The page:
# Beta-blockade in V-V ECMO

The Original Article was published on 20 September 2023

To the Editor,

We read with great interest Staudacher et al.â€™s illustrative cases of beta-blocker therapy on V-V ECMO [1]. The authorsâ€™ excellent work reminds us not to focus on the easily measured arterial oxygen saturation ($${S}_{a}{O}_{2}$$) but rather on the much more physiologically important variable of delivered oxygen ($${DO}_{2}$$). Herein, we demonstrate physiologically and mathematically that beta-blockade for a patient completely dependent on V-V ECMO will always decrease $${DO}_{2}$$ irrespective of its effect on $${S}_{a}{O}_{2}$$.

To illustrate this concept mathematically, there are some reasonable assumptions that must be made. The first is that ECMO effective blood flow rate (EF) are within normal operational parameters of the membrane lung and remain constant during beta-blockade. Second, that the membrane lung is well functioning such that the post-membrane lung blood oxygen saturation ($${S}_{m}{{\text{O}}}_{2}$$) is 100%. Third, that the patientâ€™s lungs are non-functional and contribute no oxygenation to the blood. Finally, given the relatively small contribution of dissolved oxygen to total oxygen content, we ignore 0.03 Ã— $${P}_{m}{O}_{2}$$ in the calculation to simplify the math. With these assumptions in place, the arterial saturation on V-V ECMO equation simplifies to Eq.Â (1):

$$\begin{gathered} S_{a} O_{2} = \frac{EF}{{CO}} \times S_{m} O_{2} + S_{v} O_{2} \left( {1 - \frac{EF}{{CO}}} \right) + 0.03 \times P_{m} O_{2} \hfill \\ S_{a} O_{2} = \frac{EF}{{CO}} + S_{v} O_{2} \left( {1 - \frac{EF}{{CO}}} \right) \hfill \\ \end{gathered}$$
(1)

Equation 1: Patient arterial oxygen saturation on V-V ECMO simplified

If we rewrite Eq.Â (1), we get Eq.Â (2) [2]:

$$S_{a} O_{2} = \frac{{EF + S_{v} O_{2} \left( {CO - EF} \right)}}{CO}$$
(2)

Equation 2: Patient arterial oxygen saturation rewritten

Likewise, if we rewrite the Fick equation, we get Eq.Â (3):

$$S_{a} O_{2} = S_{v} O_{2} + \frac{{VO_{2} }}{13.4 \times Hgb \times CO}$$
(3)

Equation 3: Fickâ€™s Equation solved for $${S}_{a}{O}_{2}$$

Equating Eqs.Â (2) and (3), then solving for SvO2, we get Eq.Â (4):

$$S_{v} O_{2} = 1 - \frac{{VO_{2} }}{13.4 \times Hgb \times EF}$$
(4)

Equation 4: Determinants of $${S}_{v}{O}_{2}$$

Therefore, we find that though $${S}_{v}{O}_{2}$$ is traditionally dependent on CO, this is not necessarily true on V-V ECMO. Its covariates, CO and $${S}_{a}{O}_{2}$$, cancel out in the idealized scenario proposed above. The only determinants of $${S}_{v}{O}_{2}$$ on V-V ECMO, then, are $${VO}_{2}$$, Hgb, and EF as seen in Eq.Â (4).

Finally, we explore the effect of beta-blockers on delivered oxygen ($${DO}_{2}$$) with the specific question, does the increase in $${S}_{a}{O}_{2}$$ triumph over the reduction in CO or vis versa?

Simplifying the DO2 equation:

$$DO_{2} = 13.4 \times Hgb \times CO \times S_{a} O_{2}$$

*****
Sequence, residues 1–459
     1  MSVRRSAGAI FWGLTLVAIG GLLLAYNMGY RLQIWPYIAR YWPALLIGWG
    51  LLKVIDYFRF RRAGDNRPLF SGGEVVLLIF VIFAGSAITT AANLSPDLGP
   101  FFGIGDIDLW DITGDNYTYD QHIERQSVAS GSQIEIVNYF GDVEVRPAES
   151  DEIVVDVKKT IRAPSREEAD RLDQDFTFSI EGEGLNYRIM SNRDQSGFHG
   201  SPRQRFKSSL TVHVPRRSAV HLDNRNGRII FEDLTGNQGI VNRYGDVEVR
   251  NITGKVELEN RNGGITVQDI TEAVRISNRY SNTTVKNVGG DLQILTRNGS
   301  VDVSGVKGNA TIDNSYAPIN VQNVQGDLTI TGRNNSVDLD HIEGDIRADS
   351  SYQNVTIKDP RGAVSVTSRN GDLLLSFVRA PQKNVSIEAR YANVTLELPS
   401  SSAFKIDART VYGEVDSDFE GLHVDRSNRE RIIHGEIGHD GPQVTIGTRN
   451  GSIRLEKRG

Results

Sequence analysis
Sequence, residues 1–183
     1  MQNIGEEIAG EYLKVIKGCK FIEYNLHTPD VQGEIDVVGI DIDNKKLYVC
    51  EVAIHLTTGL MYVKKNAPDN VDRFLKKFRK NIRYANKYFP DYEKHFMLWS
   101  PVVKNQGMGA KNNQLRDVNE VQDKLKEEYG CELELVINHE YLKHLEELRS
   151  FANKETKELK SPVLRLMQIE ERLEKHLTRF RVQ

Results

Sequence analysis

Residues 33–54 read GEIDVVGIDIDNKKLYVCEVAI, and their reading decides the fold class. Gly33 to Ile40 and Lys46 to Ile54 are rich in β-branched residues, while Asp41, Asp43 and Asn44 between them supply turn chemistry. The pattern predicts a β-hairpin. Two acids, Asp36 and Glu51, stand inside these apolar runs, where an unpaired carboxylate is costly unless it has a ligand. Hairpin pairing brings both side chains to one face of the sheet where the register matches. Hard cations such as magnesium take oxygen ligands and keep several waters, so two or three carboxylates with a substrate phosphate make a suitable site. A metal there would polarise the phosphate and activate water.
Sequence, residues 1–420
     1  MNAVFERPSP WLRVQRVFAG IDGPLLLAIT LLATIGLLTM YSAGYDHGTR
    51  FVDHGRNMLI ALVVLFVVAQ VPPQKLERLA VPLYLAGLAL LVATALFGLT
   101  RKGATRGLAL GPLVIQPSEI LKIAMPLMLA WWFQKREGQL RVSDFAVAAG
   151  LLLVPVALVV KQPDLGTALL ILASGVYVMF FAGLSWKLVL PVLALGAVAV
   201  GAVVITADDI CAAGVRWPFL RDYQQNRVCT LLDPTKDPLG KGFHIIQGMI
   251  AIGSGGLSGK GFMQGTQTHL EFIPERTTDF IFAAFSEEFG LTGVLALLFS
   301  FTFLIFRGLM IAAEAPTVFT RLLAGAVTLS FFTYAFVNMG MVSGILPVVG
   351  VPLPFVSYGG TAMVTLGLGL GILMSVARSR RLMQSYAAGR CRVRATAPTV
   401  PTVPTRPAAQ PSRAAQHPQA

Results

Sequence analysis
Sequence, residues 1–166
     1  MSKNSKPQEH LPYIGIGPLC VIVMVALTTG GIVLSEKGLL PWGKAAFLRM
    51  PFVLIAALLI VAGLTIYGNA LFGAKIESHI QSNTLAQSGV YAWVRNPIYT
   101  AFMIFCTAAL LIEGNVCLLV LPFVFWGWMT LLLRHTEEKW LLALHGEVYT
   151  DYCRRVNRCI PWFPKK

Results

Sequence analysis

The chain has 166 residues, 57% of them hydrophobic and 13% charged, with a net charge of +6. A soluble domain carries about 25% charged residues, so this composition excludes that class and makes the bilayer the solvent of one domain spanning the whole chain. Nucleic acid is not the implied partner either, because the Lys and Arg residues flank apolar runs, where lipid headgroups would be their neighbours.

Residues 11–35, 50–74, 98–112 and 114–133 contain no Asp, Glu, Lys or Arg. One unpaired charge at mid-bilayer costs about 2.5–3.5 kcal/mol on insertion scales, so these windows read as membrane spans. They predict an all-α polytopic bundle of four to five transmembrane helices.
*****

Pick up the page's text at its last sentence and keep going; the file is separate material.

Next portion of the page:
(5)

Equation 5: Oxygen delivery simplified

Combining Eq.Â (3) with Eq.Â (5):

$$\begin{gathered} DO_{2} = 13.4 \times Hgb \times CO \times \left( {S_{v} O_{2} + \frac{{VO_{2} }}{13.4 \times Hgb \times CO}} \right) \hfill \\ \quad \quad \; = 13.4 \times Hgb \times CO \times S_{v} O_{2} + VO_{2} \hfill \\ \end{gathered}$$
(6)

Equation 6: $${DO}_{2}$$ with relation to $${S}_{v}{O}_{2}$$

Lastly, combining Eq.Â (6) with Eq.Â (4):

$$DO_{2} = 13.4 \times Hgb \times CO \times \left( {1 - \frac{{VO_{2} }}{13.4 \times Hgb \times EF}} \right) + VO_{2}$$
(7)

Equation 7: $${DO}_{2}$$ on V-V ECMO expressed independent of $${S}_{a}{O}_{2}$$ and $${S}_{v}{O}_{2}$$

This final equation expresses delivery of oxygen on V-V ECMO as dependent only on hemoglobin, cardiac output, ECMO effective blood flow rate, and the bodyâ€™s consumption of oxygen. Introducing beta-blocker therapy, then, irrespective of its effect on $${S}_{a}{O}_{2}$$, reduces delivery of oxygen through reduction of cardiac output if Hgb, EF, and $${VO}_{2}$$ remains constant. While it is conceivable that beta-blocker therapy could reduce $${VO}_{2}$$ by decreasing myocyte oxygen consumption, thereby increasing $${DO}_{2}$$, this effect is unlikely in normal physiologic ranges because myocyte oxygen consumption is typically only 10% of total body oxygen consumption (6â€“8Â ml/100Â g/min). At maximal inotropy and chronotropy, however, myocyte oxygen consumption could become a nontrivial factor and beta-blocker therapy may have utility as an antihypertensive agent in the tachycardic patient. For the vast majority of cases, however, beta blockade is not indicated during V-V ECMO as it effectively reduces DO2.

Not applicable.

## Abbreviations

V-V ECMO:

Veno-venous extracorporeal membrane oxygenation

$$DO_{2}$$ :

Patient oxygen delivery

$$S_{a} O_{2}$$ :

Patient arterial oxygen saturation

$$EF$$ :

ECMO flow rate

$$S_{m} O_{2}$$ :

Post-oxygenator oxygen saturation

$$VO_{2}$$ :

Patient oxygen consumption

$$Hgb$$ :

Hemoglobin

$$P_{m} O_{2}$$ :

Partial pressure of oxygen post-oxygenator

## References

1. Staudacher DL, Wengenmayer T, Schmidt M. Beta-blockers in refractory hypoxemia on venovenous extracorporeal membrane oxygenation: a double-edged sword. Crit Care. 2023;27(1):360.

2. Messai E, Bouguerra A, Harmelin G, Di Lascio G, Cianchi G, Bonacchi M. A new formula for determining arterial oxygen saturation during venovenous extracorporeal oxygenation. Intensive Care Med. 2013;39(2):327â€“34.

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## Author information

Authors

### Contributions

AKB, BZ, and RR have contributed in all parts in producing the manuscript. All authors read and approved the final manuscript.

### Corresponding author

Correspondence to Aravind K. Bommiasamy.

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